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December 3 2021 3:11 AM ˚
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With a violent debut, he reveals a London that is rarely seen

Gabriel Krauze
Gabriel Krauze in South Kilburn in London on June 8, 2021. (Photo: NYTimes)
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LONDON — Leaning over the balcony of a council estate, Gabriel Krauze watched as the police gathered in front of an apartment door and prepared to smash it in.اضافة اعلان

The officers were actors filming a television show, but the scene wasn’t so different from ones Krauze, 35, witnessed growing up in this public housing development.

“When I was living here, the amount of raids I’d see, or just the amount of incidents where the police would come and tape off bits of the estate,” he said. “Like, just there,” Krauze added, pointing toward one apartment block, “a girl got killed a couple years back.” The TV crew was in fact a good sign, he said, suggesting the area was “calming down a bit.”

Krauze, who has the name of his debut book tattooed on his hand, is an anomaly in British publishing — a novelist whose life and work is steeped in a side of London that many writers don’t know about or acknowledge.

His novel “Who They Was” — published by Fourth Estate in Britain last year and longlisted for the Booker Prize, one of the most prestigious literary awards in the world — is a barely fictionalized, first-person account of his late teens and early 20s. At the time, he was living in Blake Court, a tower named for William Blake that is part of the South Kilburn estate in northwest London. (In Zadie Smith’s 2012 novel, “NW,” a fictional estate is set in the same area, with tower blocks named for philosophers.)

“Who They Was,” which Bloomsbury is releasing in the United States on Tuesday, is heavy on London slang — people get shanked, not stabbed, and everyone’s “bare loud and aggi.” It starts with a character named Snoopz trying to steal a woman’s diamond ring (“I always thought if you break someone’s finger you’ll actually feel the bones break, hear it even, but I don’t feel anything at all, it’s like folding paper”), then documents Snoopz’s life, including stabbing a drug addict in the head and breaking his favorite knife in the process, fighting with young upstarts and going to prison.

There are breaks from the violence, as Krauze’s character completes an English degree on the other side of London, hangs out with friends and escapes back to his parents’ house, but reviewers have pointed out that there is little optimism.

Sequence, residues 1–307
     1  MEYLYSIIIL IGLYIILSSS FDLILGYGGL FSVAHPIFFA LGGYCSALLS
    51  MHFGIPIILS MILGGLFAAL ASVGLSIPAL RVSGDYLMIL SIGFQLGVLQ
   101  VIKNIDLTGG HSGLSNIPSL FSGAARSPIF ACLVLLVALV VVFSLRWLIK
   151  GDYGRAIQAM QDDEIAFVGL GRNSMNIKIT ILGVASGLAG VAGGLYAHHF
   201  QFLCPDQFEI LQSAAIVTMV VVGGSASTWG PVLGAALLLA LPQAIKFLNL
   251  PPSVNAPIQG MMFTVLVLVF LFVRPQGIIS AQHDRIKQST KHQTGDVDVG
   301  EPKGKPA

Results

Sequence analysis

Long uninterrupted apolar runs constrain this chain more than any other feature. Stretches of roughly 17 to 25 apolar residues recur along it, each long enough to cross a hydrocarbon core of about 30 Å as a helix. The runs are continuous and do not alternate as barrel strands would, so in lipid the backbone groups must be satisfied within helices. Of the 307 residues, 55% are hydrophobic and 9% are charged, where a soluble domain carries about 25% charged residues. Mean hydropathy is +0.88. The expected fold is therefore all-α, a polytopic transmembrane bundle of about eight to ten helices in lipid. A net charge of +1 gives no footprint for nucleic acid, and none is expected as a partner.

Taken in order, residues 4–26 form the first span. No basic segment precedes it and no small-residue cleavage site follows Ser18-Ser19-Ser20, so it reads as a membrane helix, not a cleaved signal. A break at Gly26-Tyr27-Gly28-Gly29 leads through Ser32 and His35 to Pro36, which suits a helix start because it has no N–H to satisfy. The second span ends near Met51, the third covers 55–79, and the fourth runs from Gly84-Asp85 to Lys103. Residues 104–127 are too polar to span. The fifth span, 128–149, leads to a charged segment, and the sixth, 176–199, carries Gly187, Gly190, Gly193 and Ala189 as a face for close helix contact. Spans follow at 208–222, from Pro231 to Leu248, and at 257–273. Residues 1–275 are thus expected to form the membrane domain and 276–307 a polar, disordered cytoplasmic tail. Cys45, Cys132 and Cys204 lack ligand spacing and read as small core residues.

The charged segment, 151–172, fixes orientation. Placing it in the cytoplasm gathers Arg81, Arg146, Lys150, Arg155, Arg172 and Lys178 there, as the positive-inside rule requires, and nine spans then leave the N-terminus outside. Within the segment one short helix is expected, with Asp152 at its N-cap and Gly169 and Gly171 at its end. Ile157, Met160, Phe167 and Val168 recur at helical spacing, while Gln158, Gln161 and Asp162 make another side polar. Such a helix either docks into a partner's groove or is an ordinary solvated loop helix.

“That is, I suppose, the only honest way to tell the story,” Jake Kerridge wrote in The Daily Telegraph.

“I had to have a shower after I read it,” Lemn Sissay, a poet and Booker Prize judge, said in a telephone interview. “I never heard this world spoken in this way before,” he added.

“It’s not trying to give excuses, it’s not trying to contextualize the underclass. It’s saying, ‘This is what it is.’”

Douglas Stuart, who won last year’s Booker for “Shuggie Bain,” his debut novel about working-class life, said in a phone interview, “When you read these worlds in books, it’s normally by a middle-class writer who creates a one-dimensional villain, but Gabriel’s created a world so rich in detail, and motivation and consequence.”

Krauze insisted that the book is far more than a lurid tale.

“It’s a moral confrontation with the reader,” he said, contending that it forces readers to realize that some people commit crime because of their psychology, as well as poverty or a lack of opportunity.

The author’s note in some editions of the book is clearer still. “This is the life I chose,” he writes. “Maybe I was looking for a sense of family and identity that I couldn’t find at home. Maybe it’s the way I found my people and they found me.”

Krauze was born in northwest London to a newspaper cartoonist and a painter who had both immigrated from Poland. He grew up around the corner from the South Kilburn estate, in an apartment where his twin brother practiced violin for hours a day. He became obsessed with books as a child, devouring everything from Tolkien to nonfiction about World War I, and realized that he wanted to become a writer by the time he was 13.

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